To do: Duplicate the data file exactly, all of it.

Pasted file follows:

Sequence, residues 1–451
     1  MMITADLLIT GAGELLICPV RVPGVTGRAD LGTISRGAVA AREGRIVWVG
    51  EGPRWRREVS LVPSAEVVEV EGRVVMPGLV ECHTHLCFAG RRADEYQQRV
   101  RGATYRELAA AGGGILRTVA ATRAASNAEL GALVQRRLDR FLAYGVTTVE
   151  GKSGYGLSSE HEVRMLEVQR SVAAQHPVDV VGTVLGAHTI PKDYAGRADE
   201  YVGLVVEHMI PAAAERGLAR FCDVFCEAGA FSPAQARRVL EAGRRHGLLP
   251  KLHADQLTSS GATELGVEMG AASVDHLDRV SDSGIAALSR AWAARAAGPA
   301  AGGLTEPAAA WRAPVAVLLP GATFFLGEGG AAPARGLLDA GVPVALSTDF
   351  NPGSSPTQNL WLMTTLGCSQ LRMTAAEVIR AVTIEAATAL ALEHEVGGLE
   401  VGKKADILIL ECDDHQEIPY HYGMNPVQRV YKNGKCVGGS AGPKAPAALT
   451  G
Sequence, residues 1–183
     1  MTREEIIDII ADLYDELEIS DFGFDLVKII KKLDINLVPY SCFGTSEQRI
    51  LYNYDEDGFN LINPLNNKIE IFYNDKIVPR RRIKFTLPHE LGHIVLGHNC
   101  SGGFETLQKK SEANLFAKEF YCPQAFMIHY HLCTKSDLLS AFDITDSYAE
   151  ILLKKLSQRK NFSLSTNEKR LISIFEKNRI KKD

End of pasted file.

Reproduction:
Sequence, residues 1–451
     1  MMITADLLIT GAGELLICPV RVPGVTGRAD LGTISRGAVA AREGRIVWVG
    51  EGPRWRREVS LVPSAEVVEV EGRVVMPGLV ECHTHLCFAG RRADEYQQRV
   101  RGATYRELAA AGGGILRTVA ATRAASNAEL GALVQRRLDR FLAYGVTTVE
   151  GKSGYGLSSE HEVRMLEVQR SVAAQHPVDV VGTVLGAHTI PKDYAGRADE
   201  YVGLVVEHMI PAAAERGLAR FCDVFCEAGA FSPAQARRVL EAGRRHGLLP
   251  KLHADQLTSS GATELGVEMG AASVDHLDRV SDSGIAALSR AWAARAAGPA
   301  AGGLTEPAAA WRAPVAVLLP GATFFLGEGG AAPARGLLDA GVPVALSTDF
   351  NPGSSPTQNL WLMTTLGCSQ LRMTAAEVIR AVTIEAATAL ALEHEVGGLE
   401  VGKKADILIL ECDDHQEIPY HYGMNPVQRV YKNGKCVGGS AGPKAPAALT
   451  G
Sequence, residues 1–183
     1  MTREEIIDII ADLYDELEIS DFGFDLVKII KKLDINLVPY SCFGTSEQRI
    51  LYNYDEDGFN LINPLNNKIE IFYNDKIVPR RRIKFTLPHE LGHIVLGHNC
   101  SGGFETLQKK SEANLFAKEF YCPQAFMIHY HLCTKSDLLS AFDITDSYAE
   151  ILLKKLSQRK NFSLSTNEKR LISIFEKNRI KKD